The Philosophy of Wanting

There are a million and one quotes by famous people about wanting. How to get what you want, how to keep after what you want, how to get over wanting…the list goes on. But the common theme of wanting remains, no matter how you spin it.

To “want” literally means to have a desire to possess or do (something); to wish. It can also mean the actual lack of something desirable. But if there’s one thing I understand about being a twenty-something (and really just about being a human), it’s that we all want for something, no matter how you define it.

We want the new iPhone 6 because our old 5 is too slow. We want to live near our friends and have jobs we love that also pay enough to cover the exorbitant costs of rent. We want unlimited Netflix and Spotify streaming for free and a full complement of quality television shows to binge. We want love from our friends, our family, and our partners. We want purpose and satisfaction from our daily lives. We want what we can’t have, what others have, and what we don’t understand.

Is there ever a moment when we stop wanting, when we look inside ourselves and say that we’re fulfilled? When we’re lying on our deathbeds, our breath wheezing slower and slower from our lungs, will we then say that we’ve finally had enough? Enough love, enough purpose, enough time?

Or is wanting the very essence of life itself? For if it is in fact the desire for more, or for difference, or for change that motivates action, than without want we would cease to be.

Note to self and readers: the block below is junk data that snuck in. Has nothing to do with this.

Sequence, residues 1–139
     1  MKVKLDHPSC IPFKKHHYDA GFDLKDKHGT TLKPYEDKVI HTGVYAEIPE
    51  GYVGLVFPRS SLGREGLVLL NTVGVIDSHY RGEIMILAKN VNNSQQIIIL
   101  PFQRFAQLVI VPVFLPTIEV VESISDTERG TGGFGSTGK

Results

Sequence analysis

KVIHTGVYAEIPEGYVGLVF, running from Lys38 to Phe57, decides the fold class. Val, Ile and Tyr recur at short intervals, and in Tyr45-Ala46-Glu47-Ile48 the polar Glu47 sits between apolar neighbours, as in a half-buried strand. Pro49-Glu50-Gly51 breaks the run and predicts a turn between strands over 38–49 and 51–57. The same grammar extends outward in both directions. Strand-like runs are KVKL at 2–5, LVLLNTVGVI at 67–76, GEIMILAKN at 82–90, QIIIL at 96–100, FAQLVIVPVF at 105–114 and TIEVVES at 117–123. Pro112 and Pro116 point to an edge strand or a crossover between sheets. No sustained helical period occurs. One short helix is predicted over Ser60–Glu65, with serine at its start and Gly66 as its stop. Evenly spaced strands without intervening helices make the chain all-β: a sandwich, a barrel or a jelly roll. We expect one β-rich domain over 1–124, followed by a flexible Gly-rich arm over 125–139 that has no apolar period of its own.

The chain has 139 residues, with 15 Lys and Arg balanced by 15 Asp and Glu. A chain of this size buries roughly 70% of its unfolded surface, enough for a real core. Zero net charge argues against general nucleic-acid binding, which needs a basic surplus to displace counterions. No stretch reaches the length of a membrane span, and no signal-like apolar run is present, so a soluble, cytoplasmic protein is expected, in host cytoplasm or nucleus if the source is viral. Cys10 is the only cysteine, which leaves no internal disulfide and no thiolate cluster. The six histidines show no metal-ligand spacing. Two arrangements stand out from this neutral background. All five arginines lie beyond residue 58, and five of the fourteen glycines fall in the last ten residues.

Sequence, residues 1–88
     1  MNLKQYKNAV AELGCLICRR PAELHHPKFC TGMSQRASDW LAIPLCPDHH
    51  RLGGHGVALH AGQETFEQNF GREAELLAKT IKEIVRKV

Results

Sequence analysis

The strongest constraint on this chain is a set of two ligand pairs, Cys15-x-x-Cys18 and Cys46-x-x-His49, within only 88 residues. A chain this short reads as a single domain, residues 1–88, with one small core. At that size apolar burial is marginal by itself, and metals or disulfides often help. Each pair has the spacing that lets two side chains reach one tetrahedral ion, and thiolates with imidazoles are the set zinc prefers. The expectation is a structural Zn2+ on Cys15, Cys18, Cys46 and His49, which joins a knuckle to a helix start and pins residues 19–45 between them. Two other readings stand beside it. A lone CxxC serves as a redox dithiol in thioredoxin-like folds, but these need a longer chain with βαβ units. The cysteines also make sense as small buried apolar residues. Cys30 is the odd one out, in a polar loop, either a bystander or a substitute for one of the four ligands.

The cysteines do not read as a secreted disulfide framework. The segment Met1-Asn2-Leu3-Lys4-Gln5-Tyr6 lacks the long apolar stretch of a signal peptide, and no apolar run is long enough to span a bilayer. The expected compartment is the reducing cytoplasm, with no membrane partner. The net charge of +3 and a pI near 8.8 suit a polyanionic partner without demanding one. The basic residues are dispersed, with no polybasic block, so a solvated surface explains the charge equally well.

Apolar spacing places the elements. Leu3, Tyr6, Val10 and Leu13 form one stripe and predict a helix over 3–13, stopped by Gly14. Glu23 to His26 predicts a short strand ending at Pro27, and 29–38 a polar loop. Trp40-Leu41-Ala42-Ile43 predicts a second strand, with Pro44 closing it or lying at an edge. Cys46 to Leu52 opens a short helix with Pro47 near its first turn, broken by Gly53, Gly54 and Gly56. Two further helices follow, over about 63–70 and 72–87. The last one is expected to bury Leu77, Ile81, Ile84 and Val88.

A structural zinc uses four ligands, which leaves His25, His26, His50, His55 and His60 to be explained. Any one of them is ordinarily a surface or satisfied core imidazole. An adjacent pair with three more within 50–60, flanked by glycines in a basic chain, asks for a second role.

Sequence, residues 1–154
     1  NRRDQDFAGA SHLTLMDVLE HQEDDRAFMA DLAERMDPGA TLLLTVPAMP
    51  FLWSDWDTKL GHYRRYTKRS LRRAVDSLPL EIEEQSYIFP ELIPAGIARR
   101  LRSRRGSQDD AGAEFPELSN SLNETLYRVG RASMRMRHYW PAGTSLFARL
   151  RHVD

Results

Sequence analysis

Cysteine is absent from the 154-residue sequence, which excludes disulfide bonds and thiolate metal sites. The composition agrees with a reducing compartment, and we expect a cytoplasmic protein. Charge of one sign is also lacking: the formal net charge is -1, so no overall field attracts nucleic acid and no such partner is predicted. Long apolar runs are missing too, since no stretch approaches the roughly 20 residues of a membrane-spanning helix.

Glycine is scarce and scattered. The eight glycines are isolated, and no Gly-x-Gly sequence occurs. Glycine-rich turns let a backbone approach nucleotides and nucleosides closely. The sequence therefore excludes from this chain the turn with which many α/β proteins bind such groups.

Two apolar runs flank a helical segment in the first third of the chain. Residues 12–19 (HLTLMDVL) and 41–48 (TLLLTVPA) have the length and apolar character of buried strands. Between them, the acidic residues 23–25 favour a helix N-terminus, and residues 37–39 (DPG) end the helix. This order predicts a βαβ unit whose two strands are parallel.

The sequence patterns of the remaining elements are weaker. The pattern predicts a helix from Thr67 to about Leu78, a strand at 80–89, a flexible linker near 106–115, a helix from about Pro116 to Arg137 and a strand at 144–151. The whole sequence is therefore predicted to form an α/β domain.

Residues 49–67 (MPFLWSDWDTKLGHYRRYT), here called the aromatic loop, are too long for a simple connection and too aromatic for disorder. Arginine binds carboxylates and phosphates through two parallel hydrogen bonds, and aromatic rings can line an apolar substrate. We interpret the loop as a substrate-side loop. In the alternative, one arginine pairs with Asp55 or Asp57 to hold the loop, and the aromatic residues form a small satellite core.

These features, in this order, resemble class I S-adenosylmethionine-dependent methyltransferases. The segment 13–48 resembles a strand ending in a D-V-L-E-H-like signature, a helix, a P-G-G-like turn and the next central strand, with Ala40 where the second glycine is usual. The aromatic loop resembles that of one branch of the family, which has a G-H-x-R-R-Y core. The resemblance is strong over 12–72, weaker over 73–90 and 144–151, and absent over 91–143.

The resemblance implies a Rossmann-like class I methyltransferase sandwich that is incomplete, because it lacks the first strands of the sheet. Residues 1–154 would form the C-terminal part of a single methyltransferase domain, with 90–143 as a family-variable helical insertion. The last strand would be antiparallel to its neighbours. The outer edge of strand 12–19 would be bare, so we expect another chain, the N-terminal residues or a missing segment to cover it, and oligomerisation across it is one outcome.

I know that I’ll never stop wanting to grow as a person, that I’ll never stop wanting something better and different and more challenging for myself to experience, but I also hope to one day understand my desires in the present and not just in hindsight. Right now I find myself overwhelmed and confused by all the wants that I have, so much so that it makes it difficult to act on any one of them. I get pulled in different directions when all I really want is a straight path of wants leading one to another.

But I’m only human and as humans we have opportunities and options, divergent paths that change with our choices and continuously expand heedless of any actions. Is it a blessing or a curse, I wonder, to always be able to want and never achieve complete satisfaction?

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